Matt Kemp, Triple Crown Winner?
By J.R. Lebert aka jelebert
Does Matt Kemp have a chance at the Triple Crown?
*NOTE: As of the time of writing this article, Matt Kemp and the Los Angeles Dodgers had played 20 games. Kemp was leading the NL in batting average at .452, home runs with 10, and was second, by one, in RBI’s, with 23.
The Triple Crown. For baseball diehards, historians, and even casual fans of the game, it’s the pinnacle of individual offensive achievement in a single season. Leading your respective league in batting average, home runs, and runs batted in. Not since Carl Yazstremski in 1967 has someone done it. You have to go back 30 more years, to Joe “Ducky” Medwick of the St. Louis Cardinals in 1937, to find the last National League ballplayer to record the feat.
The list is a “who’s who” of batsmen: Ty Cobb, Rogers Hornsby (twice), Jimmie Foxx, Lou Gehrig, Ted Williams (twice), Mickey Mantle, and Frank Robinson. Even more surprising are the names NOT on this list: Babe Ruth, Willie Mays, Hank Aaron, Mike Schmidt, Stan Musial, Ken Griffey, Jr., and more modern stars like Albert Pujols and Alex Rodriguez. The feat is one of the most difficult in all of sports to accomplish, only having been done 13 times by 11 men since 1900.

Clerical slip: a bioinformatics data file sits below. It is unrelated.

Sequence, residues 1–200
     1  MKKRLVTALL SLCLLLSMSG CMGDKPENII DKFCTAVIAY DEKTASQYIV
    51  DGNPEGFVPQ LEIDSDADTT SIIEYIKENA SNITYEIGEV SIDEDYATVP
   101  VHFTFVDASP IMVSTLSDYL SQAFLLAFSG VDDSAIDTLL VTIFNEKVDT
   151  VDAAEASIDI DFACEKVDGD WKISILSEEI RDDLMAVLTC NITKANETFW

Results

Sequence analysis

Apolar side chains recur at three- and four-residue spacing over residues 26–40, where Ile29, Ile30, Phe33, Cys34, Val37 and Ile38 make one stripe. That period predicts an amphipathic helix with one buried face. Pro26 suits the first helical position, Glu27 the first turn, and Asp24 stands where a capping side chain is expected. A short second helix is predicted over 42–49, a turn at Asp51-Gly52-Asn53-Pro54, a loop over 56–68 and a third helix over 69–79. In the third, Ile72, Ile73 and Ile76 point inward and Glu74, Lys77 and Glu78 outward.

With the grind of a 162 game season, the threat of injury, the advances in pitching, and more modern ballparks that seem to be built for pitchers, is it even realistic to ask the question; Does Matt Kemp have a chance at the Triple Crown in 2012?
Let’s break down the four key parts of that question, one by one. “Matt Kemp.” “A chance.” “Triple Crown.” And, to me, the most important part, “in 2012.”
First, let’s look at Matt Kemp. He is a player who seems to have all of the right factors coming together at the same time. He is young, but in his prime, at 27 years old. He stays healthy, having played in 155, 159, 162, and 161 games over the last four seasons. He plays in a decent hitter’s park, Dodgers Stadium, with short porches down both outfield lines. He has decent protection, with Andre Ethier hitting behind him. The two hitters currently preceding him in the lineup leave a little to be desired however, with the speedy, talented, but very raw Dee Gordon leading off, and Mark Ellis hitting second. The Dodgers could stand to upgrade this part of their order. Kemp’s contract situation is also ideal, as he is locked up through 2019, netting him $10 million this year, and then a staggering average of $21 million per year for the next seven years.